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This is a Christmas story. Sort of. Or maybe it’s about grumpy old men. Maybe it’s about the commercialism that we like to rant against at this time of year. I’m pretty sure, though, that it’s about love.
Pawpaw Green, 93 years and six months old, reached down to tie his shoes on the morning of Dec. 20, 1970, and quietly left us. His death took me by surprise. I had assumed he would live forever, or at least until he was a 100, frying up bacon and eggs in his rambling old house and grumbling about arthritis and the state of the world. Certainly, I had thought he would live through another Christmas, and my first response was mild irritation that he had not obliged me.
Nobody wants to begin the holidays with her grandfather’s funeral, but I also felt guilty of neglect. In mid-November, my first pregnancy had ended prematurely. Seeking comfort, unwell and grieving, I made the three-hour trip home to my parents’ Owen County farm at Thanksgiving. However, I decided not to make the 20-minute drive from the farm to Owenton to visit Pawpaw Green that weekend even though I had not seen him since August. “I’m too tired,” I told my father, “and I’ll be with him in a few weeks at his annual Christmas party.”
I could have added that a visit with Pawpaw was not always uplifting. For starters, he couldn’t hear anything I said. He had a hearing aid, but was too frugal to waste batteries on all but the most important conversations which apparently did not include my chatter. It saved money if he just did all the talking. He could be prone to grousing, too, and his stories – well, I knew they were supposed to be funny because his stone like face would crack into smiles and his wide shoulders would shake with laughter when he finished telling one. Still, I often didn’t understand his ironic and finely-honed humor. The dead hapless characters who’d populated his life didn’t amuse me as much as they did him.
And, I rationalized, others would drop by that weekend to visit him. The father of seven adult children, his clan, if you counted in-laws, numbered over 50 by 1970. No, he wouldn’t miss me, I reasoned.
I was too young to appreciate what a marvel he was, living independently in his two-story house, mowing his lawn, walking most days to the Courthouse Square to talk with other old men. His mind was keen, too. He read every word of the Courier-Journal every day, and watched Huntley-Brinkley each night on TV. At the moment of his death, he was better informed about current events than I was.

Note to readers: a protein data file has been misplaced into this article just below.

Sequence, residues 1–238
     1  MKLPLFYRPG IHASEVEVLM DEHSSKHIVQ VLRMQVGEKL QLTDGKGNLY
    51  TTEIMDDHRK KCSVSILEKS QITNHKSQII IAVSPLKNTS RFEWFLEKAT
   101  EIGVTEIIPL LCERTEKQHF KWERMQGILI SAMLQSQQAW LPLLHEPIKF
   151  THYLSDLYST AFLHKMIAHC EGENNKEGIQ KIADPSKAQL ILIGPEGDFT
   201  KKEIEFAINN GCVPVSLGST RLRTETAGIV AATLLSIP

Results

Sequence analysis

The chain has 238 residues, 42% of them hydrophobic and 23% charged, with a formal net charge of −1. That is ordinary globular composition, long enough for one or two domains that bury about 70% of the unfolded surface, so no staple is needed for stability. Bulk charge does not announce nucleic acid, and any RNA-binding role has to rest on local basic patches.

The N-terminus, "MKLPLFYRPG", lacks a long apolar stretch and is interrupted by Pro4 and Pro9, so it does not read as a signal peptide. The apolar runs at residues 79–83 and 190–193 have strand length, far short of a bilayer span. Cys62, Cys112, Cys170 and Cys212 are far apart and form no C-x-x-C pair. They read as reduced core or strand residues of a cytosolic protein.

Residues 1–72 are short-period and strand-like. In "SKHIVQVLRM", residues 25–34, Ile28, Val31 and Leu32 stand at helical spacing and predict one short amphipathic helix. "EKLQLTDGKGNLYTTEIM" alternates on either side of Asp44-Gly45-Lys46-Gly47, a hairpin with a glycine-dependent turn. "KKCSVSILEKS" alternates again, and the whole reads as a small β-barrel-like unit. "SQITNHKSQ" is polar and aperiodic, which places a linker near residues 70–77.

I also had only the fuzziest notion of what it’s like to live through history. What could I, a child of post-war America’s prosperity, really know about the life of a man born in 1877? Pawpaw’s father had fought in the Civil War for the losing side and returned home sick and defeated. He died when Pawpaw was 8-years-old. That summer, with his mother near destitute, Pawpaw began hiring out as a day laborer in the fields.
Hard farm work would define his life, and so would devotion to family. I doubt that he had the time or inclination to be a playful father or perhaps even an openly affectionate one, but he kept his seven children clothed and fed and out of trouble. They graduated from high school, and several went to college, an accomplishment for a man who had to drop out of school after the third grade.
I did understand that he had always loved Christmas. Maybe this was because the holiday coincided with the end of the tobacco crop cycle, and Pawpaw could take time to rest a little, or maybe it was because the sale of the tobacco in December put a little cash in his pockets. Maybe it was because he missed out on his own childhood.
Whatever the reasons, Pawpaw Green embraced the holiday. Always there was a homemade fruitcake, even the year my father was born on Dec. 22, and Pawpaw had to make it himself. When his children were young, the holiday gifts were as Spartan as the times, maybe candy and an orange in the stockings and one toy for each child. (I still have my father’s Lincoln logs, and have been charged with keeping them sacred for the remainder of my life.)
By the time my memory begins, however, times, though not abundant, were better. At his Christmas party, Pawpaw now insisted on placing a wrapped, name-tagged gift under the tree for every member of his 50-plus clan, oldest to youngest, in-laws, too. Everyone protested this was too much for him to do. Draw names with the rest of us, we said, but he would not be dissuaded.
He drafted his youngest child, my Aunt Helen, as his designated elf and off they would go in early December to do his shopping. He would sit in a chair at Zuckerman’s Owenton Department Store, smoking his pipe, and Aunt Helen would dart around bringing items to him for approval. The clerks formed an assembly line to gift-wrap his mountain of packages. Then it was on to the Dime Store to buy a toy for each child in the family. Cars were bigger back then, but I still wonder how they stuffed in over 50 wrapped boxes for the trip home.
Pawpaw’s funeral was on Dec. 22. The family decided to go ahead as planned with the Green family gathering the following Sunday. Pawpaw, of course, already had his gifts bought and wrapped, so Aunt Helen put them under the tree as usual.
I fingered the tag – “To Georgia Dexter from Pawpaw.” It felt odd, unwrapping a present from your grandfather a few days after you’d buried him.
But it did feel like love.